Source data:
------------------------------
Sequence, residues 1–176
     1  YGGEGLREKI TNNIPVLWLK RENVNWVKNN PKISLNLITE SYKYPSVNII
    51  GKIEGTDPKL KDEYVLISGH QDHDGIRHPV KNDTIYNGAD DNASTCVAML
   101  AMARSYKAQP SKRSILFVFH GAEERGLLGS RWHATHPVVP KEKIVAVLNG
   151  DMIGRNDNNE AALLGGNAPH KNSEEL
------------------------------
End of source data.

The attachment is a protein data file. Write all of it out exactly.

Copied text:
Sequence, residues 1–176
     1  YGGEGLREKI TNNIPVLWLK RENVNWVKNN PKISLNLITE SYKYPSVNII
    51  GKIEGTDPKL KDEYVLISGH QDHDGIRHPV KNDTIYNGAD DNASTCVAML
   101  AMARSYKAQP SKRSILFVFH GAEERGLLGS RWHATHPVVP KEKIVAVLNG
   151  DMIGRNDNNE AALLGGNAPH KNSEEL